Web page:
Review Board 2.5.6.1 is out now and fixes the error. If 2.5.6 broke you, just install 2.5.6.1 and you'll be back up and running.

We're expanding our automated testing to ensure this particular problem won't happen again. Sorry for the trouble, and thanks for using Review Board!

Review Board 2.0.24 and 2.5.6 are released!

We have a couple of new releases for you today, mostly focused on bug and compatibility fixes.

Both releases have important fixes for GitLab and compatibility fixes for Subversion 1.9 diffs, both of which we've received numerous bug reports about.

Review Board 2.5.6 also has an important dependency update for django-haystack. If you recently installed Review Board 2.5.x on a new server and had issues creating a site, this should take care of it.

Review Board 2.0.24 now has the improved support for Codebase HQ, which we previously introduced in Review Board 2.5.5. This allows you to work with Subversion and Mercurial repositories hosted there.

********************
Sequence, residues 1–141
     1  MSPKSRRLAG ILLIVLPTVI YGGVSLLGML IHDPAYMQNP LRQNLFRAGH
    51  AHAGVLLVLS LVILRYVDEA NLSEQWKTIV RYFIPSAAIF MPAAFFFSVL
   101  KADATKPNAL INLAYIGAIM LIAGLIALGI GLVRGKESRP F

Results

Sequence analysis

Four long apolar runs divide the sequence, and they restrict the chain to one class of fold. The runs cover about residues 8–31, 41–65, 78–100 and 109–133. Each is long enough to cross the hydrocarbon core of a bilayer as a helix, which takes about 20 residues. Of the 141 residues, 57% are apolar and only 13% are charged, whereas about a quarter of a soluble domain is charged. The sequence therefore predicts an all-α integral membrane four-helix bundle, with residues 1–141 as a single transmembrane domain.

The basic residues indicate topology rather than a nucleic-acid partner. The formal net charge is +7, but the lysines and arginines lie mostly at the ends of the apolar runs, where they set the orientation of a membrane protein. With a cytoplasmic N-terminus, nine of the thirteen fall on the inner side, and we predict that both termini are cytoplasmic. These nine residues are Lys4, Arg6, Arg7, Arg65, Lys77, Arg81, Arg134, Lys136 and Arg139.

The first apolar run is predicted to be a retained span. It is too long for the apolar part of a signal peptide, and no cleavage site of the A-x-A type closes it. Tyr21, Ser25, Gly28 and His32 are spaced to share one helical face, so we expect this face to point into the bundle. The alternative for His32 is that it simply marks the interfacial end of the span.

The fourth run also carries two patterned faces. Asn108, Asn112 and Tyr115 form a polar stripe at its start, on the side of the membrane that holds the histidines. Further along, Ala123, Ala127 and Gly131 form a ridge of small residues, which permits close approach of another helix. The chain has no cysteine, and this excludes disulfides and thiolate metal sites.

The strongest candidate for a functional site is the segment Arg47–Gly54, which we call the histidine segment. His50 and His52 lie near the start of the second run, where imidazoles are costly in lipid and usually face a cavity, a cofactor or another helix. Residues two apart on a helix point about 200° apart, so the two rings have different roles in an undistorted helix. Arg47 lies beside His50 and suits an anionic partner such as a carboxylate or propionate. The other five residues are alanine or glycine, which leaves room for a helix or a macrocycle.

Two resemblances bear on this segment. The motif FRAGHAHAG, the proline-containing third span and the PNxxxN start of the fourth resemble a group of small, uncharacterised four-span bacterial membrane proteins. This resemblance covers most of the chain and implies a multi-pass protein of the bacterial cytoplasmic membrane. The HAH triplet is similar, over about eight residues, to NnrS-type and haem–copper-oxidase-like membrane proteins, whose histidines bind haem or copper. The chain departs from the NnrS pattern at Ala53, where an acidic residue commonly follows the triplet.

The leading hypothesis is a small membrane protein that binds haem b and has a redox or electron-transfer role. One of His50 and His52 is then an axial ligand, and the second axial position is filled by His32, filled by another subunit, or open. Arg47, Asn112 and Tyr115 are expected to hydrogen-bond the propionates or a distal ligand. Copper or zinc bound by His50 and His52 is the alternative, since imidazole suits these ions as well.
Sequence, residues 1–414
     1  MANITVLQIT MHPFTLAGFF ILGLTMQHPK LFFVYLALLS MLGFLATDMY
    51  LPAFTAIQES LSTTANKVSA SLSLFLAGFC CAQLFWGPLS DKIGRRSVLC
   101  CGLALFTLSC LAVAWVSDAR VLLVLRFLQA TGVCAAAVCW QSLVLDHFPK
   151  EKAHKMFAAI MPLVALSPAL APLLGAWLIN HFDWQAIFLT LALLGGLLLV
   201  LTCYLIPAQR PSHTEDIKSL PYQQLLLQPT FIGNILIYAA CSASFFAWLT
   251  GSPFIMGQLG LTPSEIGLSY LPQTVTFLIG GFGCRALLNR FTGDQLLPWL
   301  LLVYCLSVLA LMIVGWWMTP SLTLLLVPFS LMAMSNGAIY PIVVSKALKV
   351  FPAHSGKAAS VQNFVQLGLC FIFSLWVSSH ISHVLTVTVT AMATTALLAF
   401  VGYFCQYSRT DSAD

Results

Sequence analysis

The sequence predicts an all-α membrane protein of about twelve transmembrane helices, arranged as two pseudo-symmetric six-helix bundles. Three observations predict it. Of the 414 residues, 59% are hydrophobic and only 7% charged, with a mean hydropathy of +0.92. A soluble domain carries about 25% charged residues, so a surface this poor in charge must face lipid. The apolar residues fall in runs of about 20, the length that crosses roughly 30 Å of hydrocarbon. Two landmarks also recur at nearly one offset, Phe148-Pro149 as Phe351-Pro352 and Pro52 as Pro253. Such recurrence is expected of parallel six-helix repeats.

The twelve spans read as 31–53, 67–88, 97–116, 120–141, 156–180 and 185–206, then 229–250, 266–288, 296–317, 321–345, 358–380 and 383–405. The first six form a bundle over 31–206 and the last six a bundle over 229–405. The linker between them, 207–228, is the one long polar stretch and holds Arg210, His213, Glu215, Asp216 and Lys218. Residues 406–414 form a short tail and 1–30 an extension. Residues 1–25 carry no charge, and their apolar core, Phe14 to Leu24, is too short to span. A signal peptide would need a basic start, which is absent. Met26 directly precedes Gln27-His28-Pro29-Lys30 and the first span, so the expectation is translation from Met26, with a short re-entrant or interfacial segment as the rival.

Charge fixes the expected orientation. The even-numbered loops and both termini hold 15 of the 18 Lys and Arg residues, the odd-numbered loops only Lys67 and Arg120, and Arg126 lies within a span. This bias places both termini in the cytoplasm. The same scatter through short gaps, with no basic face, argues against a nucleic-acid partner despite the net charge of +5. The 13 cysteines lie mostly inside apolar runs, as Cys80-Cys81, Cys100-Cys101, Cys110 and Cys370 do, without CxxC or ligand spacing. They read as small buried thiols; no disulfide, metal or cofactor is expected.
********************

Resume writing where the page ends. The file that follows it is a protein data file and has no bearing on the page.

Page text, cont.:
Both releases contain several other bug fixes that are worth getting. See the release notes for more information:

Also remember that if you're upgrading to 2.0.24, you need to follow the instructions in the release notes to ensure you're getting the right version.

Review Board 2.5.5 released

We have a new release for you all today that introduces a couple of new features and fixes some important bugs. In particular, if you're a PostgreSQL user and are running an earlier 2.5.x release, you'll want to upgrade today.

Here are some of the highlights:

Improved Codebase HQ support

We've enhanced our support for repositories hosted on Codebase, adding on Mercurial and Subversion support, along with improving support for Git. If you use Codebase already, you'll be prompted to supply new credentials the next time you create or edit a repository.